Work on Newmarket’s unique tribute to Second World War codebreaker Bill Tutte officially began outside the historic Rutland Arms Hotel on Monday.
It was a special moment for members of the memorial committee who have been working on the project for nearly two years.
Joining them on Rutland Hill was Cambridge sculptor Harry Gray, whose work, The Codebreaker, will form the centrepiece of a newly landscaped public area designed by urban landscape designer Ramon Keeley.
The project will be completed this year with the sculpture due to be unveiled in September by memorial patron Professor Dan Younger, who worked with Tutte at the University of Waterloo in Ontario, Canada; Jerry Roberts, who worked with him at Bletchley, and television’s Professor Brian Cox.
Bill Tutte’s fascinating story began in 1917 when he was born at Newmarket’s Fitzroy House stables, the son of a jobbing gardener and a housekeeper.
He spent time as a pupil at Cheveley primary school where he won a scholarship to the Cambridge and County High School for Boys - a success so notable that the headmaster at Cheveley declared a half-day school holiday in celebration.
From school Bill progressed to Trinity College, Cambridge, where he completed his chemistry degree in 1938 before switching to study mathematics in 1940, just as Europe was being engulfed in war. Bill’s tutor Patrick Duff arranged an interview with a mysterious government agency and as a result Bill was enrolled at the Government Code and Cipher School in London. From there he was chosen to work with the codebreakers at Bletchley Park, arriving in May 1941.
The Victorian mansion in Buckinghamshire was the wartime headquarters of M16. Its initial focus was the deciphering of the Enigma code, work led by Alan Turing. But in 1940, British radio receiving stations began to detect a new type of signal. It was teletype data which was given the name Tunny and was used for secret communications between the German Army high command and its field headquarters, mainly in Russia, the Middle east and later in France.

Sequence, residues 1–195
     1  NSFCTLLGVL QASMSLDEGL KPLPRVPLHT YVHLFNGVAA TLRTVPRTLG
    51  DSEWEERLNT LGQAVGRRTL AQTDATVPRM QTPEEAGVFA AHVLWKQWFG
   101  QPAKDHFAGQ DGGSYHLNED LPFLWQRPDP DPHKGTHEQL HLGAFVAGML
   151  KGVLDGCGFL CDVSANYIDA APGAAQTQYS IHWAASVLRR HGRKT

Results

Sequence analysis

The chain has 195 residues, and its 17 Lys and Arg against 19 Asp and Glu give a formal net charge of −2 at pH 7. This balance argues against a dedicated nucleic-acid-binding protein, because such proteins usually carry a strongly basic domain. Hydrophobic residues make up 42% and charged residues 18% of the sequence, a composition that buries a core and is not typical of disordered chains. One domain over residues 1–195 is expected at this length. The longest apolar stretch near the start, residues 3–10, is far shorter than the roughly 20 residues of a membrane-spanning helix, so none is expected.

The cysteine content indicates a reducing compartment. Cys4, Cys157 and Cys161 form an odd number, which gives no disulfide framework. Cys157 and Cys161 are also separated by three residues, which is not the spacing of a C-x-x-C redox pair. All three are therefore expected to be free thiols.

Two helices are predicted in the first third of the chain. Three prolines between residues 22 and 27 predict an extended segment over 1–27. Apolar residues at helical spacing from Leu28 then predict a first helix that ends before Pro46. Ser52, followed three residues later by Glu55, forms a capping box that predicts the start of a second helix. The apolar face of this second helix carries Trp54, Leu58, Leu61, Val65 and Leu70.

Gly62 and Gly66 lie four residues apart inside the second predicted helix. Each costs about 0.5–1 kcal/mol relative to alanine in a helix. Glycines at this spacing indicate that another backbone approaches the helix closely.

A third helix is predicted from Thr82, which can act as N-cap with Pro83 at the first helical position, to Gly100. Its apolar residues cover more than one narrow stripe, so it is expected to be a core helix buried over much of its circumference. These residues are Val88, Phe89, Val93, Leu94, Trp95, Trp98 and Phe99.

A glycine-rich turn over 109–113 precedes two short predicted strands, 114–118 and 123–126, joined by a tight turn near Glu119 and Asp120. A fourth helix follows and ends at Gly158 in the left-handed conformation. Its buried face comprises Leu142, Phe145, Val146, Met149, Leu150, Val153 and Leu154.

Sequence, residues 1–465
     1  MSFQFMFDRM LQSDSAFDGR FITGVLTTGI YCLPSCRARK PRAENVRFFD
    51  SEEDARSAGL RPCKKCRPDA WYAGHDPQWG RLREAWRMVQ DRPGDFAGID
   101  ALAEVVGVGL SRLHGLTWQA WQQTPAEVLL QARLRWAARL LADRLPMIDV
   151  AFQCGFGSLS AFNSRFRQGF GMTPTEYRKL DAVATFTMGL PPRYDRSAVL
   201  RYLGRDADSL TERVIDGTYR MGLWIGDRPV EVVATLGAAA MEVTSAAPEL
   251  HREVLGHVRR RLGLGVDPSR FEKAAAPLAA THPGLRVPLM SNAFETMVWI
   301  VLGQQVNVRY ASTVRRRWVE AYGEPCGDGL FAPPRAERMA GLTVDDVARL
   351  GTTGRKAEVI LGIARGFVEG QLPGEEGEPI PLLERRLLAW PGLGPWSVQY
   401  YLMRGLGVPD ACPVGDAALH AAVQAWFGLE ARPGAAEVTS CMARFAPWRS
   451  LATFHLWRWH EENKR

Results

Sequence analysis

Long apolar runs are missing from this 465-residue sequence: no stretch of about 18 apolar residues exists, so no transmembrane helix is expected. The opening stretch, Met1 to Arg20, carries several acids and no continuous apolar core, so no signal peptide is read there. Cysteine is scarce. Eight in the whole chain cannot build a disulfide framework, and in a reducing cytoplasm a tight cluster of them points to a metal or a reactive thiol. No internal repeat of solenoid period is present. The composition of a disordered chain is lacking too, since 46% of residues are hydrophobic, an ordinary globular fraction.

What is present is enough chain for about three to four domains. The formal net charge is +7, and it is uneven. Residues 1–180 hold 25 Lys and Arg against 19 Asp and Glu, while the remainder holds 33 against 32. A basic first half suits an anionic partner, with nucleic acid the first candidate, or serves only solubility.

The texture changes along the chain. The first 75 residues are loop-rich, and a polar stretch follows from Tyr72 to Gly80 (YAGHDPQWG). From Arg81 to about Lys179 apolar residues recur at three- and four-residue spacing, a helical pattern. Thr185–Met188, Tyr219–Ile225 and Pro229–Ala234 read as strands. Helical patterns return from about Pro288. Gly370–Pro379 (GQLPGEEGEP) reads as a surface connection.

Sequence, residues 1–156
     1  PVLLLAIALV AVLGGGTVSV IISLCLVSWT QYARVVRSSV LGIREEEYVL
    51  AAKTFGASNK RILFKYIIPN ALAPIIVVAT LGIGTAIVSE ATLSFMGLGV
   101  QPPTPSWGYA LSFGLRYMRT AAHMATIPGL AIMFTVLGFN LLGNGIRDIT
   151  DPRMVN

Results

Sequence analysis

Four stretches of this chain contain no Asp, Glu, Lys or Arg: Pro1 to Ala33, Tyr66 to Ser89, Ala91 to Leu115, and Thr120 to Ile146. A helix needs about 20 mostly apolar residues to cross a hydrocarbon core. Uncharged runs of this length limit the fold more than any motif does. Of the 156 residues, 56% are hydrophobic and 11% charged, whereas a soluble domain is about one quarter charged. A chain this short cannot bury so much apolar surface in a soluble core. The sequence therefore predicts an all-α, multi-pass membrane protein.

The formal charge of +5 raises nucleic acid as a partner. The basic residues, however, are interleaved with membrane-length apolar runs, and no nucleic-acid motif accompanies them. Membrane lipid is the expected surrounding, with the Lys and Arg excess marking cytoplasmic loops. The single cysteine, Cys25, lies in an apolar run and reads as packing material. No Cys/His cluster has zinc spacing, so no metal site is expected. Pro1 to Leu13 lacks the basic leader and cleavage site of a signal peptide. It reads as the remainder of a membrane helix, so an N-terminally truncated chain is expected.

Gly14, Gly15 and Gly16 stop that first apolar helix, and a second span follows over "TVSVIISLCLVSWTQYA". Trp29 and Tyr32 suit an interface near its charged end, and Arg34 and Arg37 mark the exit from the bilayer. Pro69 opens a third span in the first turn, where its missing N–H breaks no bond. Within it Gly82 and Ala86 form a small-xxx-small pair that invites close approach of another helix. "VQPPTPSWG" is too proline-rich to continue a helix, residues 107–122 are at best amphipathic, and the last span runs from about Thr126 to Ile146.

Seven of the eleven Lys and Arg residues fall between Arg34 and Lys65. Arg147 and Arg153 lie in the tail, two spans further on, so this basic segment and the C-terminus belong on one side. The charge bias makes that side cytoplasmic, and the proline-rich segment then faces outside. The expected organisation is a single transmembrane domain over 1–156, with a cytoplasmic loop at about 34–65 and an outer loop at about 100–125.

It was produced by Lorenz machines and was thought to be unbreakable until a German machine operator in Athens made a mistake. Against protocol he sent a message of some 4,000 letters twice, but the re-sent message differed slightly from the original giving the Bletchley cryptologists something to work with. The cipher tape was presented to Bill Tutte and with this alone he was able to determine the structure of the machine that had produced it. His genius led to the recreation of a Lorenz machine and eventually the development of the giant computer Colossus, which enabled Bletchley to break the Tunny codes for the duration of the war shortening the conflict and saving countless lives. In his biography of Bill Tutte, Professor Younger said: “That Tutte conceived of a method to employ a high speed computer to break this Tunny code, a code otherwise unbreakable, is an achievement that still stands tall.” The work was secret, never to be revealed. Scientists continued to accept American claims that their ENIAC was the world’s first electronic computer. But in 1968, Tony Sale, an engineer who had worked for the security services, wanted to publicise Colossus by rebuilding it. In 1996 he was finally allowed to proceed and the project and Bill Tutte’s contribution to code breaking were finally revealed the following year, just four days before Tutte’s 80th birthday. Tony Sale described the exploits of the Newmarket gardener’s son as “the greatest intellectual feat of the whole war”.